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Understanding New Research on Gender and Corruption in Government


Members of the EU Women Caucus

An April 2018 study titled “Women and corruption: What positions must they hold to make a difference?” found that corruption is lower in countries with more women in office at both the national and local level. The authors suggest that this is because women legislators often champion policies that address poverty, education, and healthcare at a greater rate than men, and have been found to be “more concerned about whether subsidies were provided to the targeted group without corruption.”


Importantly, the study does not find that women are “inherently less corrupt” than men, and found no correlation found between corruption and gender in other occupations. Some critics worry that as equality improves, women will get more corrupt as they become ingrained in the existing political structures and networks. However, the study found that there is a stronger negative correlation between corruption and women’s representation in parliament in countries with higher equality. Thus, the policy-making role is what enables women “to impact corruption,” not some inherent difference between the moral character of women and men. Overall, the study shows that another benefit of promoting gender equality is reducing corruption in politics.


Sudipta Sarangi, one of the co-authors of the new study, described the crucial connection between gender parity and corruption: “This research underscores the importance of women’s empowerment, their presence in leadership roles and their representation in government. This is especially important in light of the fact that women remain underrepresented in politics in most countries including the United States.”


According to Transparency International, which measures perceived levels of public sector corruption, the U.S. is currently the 16th least corrupt country. Topping the chart are countries like New Zealand, Denmark, Norway, and Sweden. These countries also rank in the top 25 for legislative gender parity, as measured by the Inter-Parliamentary Union, compared with the U.S. which ranks 103rd.


It shouldn’t be a surprise that New Zealand and the Scandinavian countries are consistently ranked the best places for women to live, due in large part to legislation and institutional systems that promote women’s equality. With more women in their legislatures, these countries have been able to drive policy initiatives like robust welfare systems, free healthcare and education, affordable childcare, and parental leave, all of which benefit women and families -- reforms that the U.S. struggles to achieve.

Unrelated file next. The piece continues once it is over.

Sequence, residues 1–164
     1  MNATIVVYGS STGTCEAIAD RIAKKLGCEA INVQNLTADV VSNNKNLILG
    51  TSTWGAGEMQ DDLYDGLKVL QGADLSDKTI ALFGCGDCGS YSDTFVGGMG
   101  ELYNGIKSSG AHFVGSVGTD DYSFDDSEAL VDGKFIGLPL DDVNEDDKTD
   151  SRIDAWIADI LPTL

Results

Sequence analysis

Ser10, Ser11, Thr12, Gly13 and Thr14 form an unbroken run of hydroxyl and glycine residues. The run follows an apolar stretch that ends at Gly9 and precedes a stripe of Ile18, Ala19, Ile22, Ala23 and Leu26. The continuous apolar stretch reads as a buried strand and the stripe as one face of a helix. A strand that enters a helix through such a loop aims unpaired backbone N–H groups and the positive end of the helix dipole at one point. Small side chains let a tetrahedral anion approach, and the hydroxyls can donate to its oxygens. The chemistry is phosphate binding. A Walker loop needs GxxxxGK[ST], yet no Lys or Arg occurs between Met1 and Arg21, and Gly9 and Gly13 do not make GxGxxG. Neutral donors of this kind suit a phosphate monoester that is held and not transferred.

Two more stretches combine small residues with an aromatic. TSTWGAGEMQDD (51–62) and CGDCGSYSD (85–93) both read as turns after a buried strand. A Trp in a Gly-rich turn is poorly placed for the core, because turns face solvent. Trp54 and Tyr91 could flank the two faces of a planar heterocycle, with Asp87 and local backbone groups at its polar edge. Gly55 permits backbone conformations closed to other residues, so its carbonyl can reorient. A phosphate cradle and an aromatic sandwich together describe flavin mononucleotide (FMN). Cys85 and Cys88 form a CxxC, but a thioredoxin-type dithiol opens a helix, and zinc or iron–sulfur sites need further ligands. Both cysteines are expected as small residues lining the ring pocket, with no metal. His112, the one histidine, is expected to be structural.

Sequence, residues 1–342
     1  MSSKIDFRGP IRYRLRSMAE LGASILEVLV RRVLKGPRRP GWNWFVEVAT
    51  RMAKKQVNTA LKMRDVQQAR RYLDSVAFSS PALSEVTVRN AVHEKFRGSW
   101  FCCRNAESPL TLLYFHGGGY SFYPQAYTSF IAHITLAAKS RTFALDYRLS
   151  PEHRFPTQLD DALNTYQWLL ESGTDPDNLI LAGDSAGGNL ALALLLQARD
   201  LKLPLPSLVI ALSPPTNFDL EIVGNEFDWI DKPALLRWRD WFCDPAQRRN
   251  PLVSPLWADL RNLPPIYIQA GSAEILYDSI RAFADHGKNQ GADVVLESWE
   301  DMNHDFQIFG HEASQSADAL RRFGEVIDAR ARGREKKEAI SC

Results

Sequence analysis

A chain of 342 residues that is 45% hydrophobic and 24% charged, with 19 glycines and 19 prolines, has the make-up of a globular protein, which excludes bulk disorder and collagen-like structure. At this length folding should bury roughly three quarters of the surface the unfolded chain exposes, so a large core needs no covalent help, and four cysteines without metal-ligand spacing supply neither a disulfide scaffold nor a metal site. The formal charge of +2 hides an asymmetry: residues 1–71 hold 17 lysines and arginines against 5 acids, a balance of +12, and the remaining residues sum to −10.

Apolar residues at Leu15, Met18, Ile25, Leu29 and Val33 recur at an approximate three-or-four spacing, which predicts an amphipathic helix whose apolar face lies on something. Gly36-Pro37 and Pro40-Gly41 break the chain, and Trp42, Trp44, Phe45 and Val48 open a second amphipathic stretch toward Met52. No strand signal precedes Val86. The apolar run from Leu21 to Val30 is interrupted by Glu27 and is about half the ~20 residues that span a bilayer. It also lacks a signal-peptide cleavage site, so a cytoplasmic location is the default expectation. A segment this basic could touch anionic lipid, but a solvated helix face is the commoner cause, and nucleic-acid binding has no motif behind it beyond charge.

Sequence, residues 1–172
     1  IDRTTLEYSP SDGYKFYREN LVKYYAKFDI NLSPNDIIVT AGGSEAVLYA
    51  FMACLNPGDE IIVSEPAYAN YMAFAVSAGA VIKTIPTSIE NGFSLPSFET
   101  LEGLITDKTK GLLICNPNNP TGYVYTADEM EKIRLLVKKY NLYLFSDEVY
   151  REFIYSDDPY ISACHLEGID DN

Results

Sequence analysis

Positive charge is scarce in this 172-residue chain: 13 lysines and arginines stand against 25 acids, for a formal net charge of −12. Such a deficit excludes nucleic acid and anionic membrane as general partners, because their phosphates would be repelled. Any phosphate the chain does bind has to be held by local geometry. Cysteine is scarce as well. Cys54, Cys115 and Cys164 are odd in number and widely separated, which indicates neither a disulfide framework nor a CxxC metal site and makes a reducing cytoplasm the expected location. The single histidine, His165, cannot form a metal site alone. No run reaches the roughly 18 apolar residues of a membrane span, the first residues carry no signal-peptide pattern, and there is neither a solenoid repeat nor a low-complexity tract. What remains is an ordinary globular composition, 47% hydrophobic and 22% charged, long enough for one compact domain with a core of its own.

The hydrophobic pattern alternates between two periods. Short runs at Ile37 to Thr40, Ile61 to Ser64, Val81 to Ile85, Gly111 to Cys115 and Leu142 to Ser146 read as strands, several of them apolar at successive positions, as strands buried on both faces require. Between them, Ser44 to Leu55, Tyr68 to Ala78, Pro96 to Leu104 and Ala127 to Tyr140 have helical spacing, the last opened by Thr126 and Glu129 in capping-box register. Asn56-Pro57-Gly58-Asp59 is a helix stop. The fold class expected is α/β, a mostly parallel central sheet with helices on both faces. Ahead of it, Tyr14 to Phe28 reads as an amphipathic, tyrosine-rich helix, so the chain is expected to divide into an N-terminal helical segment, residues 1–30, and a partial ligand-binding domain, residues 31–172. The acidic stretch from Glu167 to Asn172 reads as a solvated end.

Additionally, the countries that are considered “least corrupt” tend to enforce different kinds of gender “quotas” that encourage women’s equal representation in government: in Sweden, Norway, and New Zealand, political parties set voluntary quotas in order to put forward roughly equal numbers of male and female candidates. Globally, women’s representation has increased significantly in countries with quotas, both legislative and voluntary. It is notable that these countries have some of the least corrupt governments and are the most committed to advancing women’s representation.


RepresentWomen emphasizes, though, that representation is only half the battle. Women face distinct barriers in politics at every point along the way, like raising campaign money, gaining support from political establishments, and finding affordable childcare options while in office. Solving these problems and making political leadership more accessible to women will require structural changes to our electoral systems, political culture, and government rules. Still, this study is exciting for its new implications about the benefits of women’s leadership. The study emphasises that “women can affect corruption when they are in positions of power,” so we must ensure that women can not only run and win, but effectively lead.


By Barbara Turnbull, Evelien van Gelderen, and Jamie Solomon

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